When going through divorce, you still want to put your child’s well-being and best interest first.
This might mean choosing joint custody, which serves as a strong option for many different families.
How does joint custody work?
Joint custody is such a popular option that Forbes recent put out an article questioning whether joint custody should become the default assumed custody option. This is a major change from just a few decades into the past, where sole custody held the inarguable position as most common custody arrangement.
Over time, however, studies have continually shown the benefits associated with joint custody. Children tend to have stronger and healthier coping mechanisms and build better relationships in the future. Parents have stronger ties with their children and form healthy bonds that can last a lifetime.
Who is not fit for joint custody?
Not every family situation suits joint custody, of course. This is particularly true of families with one parent facing accusations of neglect or abuse, even if the alleged victim was not a member of the family.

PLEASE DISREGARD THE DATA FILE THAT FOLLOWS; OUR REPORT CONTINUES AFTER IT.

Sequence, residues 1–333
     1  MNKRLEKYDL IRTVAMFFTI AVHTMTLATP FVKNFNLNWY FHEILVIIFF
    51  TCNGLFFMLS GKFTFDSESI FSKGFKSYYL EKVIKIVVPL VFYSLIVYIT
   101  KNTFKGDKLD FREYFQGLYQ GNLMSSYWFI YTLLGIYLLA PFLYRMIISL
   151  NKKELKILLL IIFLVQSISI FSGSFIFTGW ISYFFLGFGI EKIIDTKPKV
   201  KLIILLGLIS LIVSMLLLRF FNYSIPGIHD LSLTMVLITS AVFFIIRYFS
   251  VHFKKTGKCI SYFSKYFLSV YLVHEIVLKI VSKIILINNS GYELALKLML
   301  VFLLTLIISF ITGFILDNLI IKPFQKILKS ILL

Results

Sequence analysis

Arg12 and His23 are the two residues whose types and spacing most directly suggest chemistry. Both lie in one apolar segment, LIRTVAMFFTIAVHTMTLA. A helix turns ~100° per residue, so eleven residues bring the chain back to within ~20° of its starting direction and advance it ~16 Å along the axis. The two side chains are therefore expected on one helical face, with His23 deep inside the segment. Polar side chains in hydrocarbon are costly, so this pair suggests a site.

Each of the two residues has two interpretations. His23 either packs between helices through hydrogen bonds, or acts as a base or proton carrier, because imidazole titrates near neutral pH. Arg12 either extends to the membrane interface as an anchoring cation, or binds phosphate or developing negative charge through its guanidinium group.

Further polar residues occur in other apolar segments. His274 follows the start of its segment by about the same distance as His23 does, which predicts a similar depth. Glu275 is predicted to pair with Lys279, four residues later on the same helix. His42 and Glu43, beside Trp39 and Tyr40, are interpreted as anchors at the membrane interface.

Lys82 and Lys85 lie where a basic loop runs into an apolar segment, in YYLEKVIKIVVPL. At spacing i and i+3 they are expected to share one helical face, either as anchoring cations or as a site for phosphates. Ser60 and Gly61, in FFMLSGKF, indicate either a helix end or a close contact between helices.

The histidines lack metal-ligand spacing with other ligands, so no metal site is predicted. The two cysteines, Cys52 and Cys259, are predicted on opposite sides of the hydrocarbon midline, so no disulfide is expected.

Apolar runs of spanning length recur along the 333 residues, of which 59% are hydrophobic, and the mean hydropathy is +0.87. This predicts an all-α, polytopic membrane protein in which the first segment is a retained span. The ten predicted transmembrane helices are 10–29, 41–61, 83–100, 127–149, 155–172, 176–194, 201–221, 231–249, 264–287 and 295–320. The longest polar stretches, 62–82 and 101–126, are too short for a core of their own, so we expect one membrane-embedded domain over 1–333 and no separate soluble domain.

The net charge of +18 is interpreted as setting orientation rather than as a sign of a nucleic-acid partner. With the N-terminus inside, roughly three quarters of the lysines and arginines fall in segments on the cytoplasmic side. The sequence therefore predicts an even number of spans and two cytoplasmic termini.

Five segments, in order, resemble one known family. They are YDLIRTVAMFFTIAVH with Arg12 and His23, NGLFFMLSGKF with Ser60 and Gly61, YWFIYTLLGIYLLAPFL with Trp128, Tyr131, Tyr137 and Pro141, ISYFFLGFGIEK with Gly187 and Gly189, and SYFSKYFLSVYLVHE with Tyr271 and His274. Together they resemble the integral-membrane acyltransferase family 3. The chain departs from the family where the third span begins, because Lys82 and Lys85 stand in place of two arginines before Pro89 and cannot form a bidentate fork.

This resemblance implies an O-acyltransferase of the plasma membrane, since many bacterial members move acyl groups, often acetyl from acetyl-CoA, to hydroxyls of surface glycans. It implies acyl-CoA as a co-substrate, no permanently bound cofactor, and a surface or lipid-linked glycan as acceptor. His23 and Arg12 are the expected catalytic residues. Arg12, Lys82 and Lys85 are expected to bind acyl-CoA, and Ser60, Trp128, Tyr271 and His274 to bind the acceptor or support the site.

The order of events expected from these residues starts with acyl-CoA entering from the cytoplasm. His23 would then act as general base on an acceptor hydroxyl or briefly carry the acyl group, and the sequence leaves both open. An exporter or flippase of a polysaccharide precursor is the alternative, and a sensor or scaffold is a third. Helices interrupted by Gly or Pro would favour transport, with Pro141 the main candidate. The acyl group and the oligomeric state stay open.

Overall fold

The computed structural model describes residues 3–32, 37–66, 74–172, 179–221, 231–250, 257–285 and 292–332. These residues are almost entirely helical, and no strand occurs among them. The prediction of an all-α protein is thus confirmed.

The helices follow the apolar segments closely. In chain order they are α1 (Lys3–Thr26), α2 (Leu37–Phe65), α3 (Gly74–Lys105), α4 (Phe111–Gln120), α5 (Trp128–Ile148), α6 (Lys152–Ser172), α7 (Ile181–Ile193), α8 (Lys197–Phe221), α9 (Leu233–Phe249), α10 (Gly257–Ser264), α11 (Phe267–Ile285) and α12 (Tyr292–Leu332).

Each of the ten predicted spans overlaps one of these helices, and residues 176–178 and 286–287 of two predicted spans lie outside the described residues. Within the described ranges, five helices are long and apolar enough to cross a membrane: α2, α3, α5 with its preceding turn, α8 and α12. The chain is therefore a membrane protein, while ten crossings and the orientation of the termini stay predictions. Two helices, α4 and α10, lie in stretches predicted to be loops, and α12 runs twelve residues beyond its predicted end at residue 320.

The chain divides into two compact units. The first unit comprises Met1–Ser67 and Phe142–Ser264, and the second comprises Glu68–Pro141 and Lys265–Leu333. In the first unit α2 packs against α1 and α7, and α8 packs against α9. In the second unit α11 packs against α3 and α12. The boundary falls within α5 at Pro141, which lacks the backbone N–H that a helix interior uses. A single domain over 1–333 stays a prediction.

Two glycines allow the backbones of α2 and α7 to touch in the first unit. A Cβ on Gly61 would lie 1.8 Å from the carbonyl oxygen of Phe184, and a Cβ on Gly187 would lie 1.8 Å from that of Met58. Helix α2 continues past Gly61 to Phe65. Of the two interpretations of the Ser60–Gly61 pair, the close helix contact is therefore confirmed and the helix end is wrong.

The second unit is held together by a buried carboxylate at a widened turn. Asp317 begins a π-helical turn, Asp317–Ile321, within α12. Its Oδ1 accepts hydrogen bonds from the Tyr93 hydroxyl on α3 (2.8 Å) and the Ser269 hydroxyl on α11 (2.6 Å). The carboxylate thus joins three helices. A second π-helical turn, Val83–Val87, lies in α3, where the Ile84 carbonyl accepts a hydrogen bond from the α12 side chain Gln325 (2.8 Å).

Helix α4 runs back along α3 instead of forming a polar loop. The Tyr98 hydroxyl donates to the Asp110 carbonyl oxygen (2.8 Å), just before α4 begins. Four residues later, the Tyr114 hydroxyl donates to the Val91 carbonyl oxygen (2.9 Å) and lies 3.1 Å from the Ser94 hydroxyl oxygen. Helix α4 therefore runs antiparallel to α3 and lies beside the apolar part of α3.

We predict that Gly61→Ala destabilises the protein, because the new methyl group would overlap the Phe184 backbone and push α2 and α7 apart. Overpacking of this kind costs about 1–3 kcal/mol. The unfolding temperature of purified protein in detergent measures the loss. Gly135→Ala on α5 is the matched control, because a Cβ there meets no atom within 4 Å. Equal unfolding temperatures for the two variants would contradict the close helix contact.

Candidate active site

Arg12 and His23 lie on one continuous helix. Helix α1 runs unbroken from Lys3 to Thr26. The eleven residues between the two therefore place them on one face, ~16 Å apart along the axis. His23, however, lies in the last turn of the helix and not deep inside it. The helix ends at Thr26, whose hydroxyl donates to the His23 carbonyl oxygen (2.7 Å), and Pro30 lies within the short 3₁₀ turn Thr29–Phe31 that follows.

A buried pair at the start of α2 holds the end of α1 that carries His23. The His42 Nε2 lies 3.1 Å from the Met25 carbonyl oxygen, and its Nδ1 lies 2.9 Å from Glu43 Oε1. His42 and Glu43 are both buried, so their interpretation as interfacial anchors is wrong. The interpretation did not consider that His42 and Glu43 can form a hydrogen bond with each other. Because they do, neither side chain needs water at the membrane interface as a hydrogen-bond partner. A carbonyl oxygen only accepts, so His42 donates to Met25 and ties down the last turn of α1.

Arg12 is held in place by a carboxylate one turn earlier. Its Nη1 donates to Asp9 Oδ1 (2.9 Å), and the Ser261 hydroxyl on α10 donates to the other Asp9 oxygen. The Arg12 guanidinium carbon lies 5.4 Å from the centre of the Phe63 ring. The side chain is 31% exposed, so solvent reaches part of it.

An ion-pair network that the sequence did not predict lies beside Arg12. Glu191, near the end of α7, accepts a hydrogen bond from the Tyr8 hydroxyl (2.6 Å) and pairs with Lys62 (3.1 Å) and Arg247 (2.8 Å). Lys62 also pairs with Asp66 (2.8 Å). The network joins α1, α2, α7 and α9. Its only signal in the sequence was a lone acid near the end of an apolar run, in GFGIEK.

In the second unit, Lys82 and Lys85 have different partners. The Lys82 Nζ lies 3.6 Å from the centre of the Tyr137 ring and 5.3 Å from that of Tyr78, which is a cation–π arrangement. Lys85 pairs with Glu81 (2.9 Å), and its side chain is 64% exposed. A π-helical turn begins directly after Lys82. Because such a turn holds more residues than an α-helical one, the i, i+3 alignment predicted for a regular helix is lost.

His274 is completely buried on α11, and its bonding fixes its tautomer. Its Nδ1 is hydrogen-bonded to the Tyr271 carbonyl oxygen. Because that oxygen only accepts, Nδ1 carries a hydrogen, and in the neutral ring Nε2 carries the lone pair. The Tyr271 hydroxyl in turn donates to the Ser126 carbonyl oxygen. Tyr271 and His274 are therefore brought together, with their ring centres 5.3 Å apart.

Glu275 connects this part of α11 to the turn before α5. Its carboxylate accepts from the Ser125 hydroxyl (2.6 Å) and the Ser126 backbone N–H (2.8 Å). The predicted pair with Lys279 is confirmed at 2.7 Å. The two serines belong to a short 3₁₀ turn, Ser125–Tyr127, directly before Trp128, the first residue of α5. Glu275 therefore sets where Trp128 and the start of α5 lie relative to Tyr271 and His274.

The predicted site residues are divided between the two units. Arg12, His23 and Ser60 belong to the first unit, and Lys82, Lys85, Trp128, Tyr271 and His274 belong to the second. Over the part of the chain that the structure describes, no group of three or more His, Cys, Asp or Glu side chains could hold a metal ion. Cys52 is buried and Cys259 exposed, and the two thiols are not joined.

It is also harder for parents living at a distance to carry out joint custody together. In particular, if one parent faces incarceration or currently serves as an active duty service member, then they may not be able to stay present in their child’s life to the degree that joint custody typically requires.
You can work out unique custody arrangements if your co-parent is currently unable to help but will be able to in the future. Likewise, if you try joint custody and find that it does not suit your lifestyle, you can opt for something else.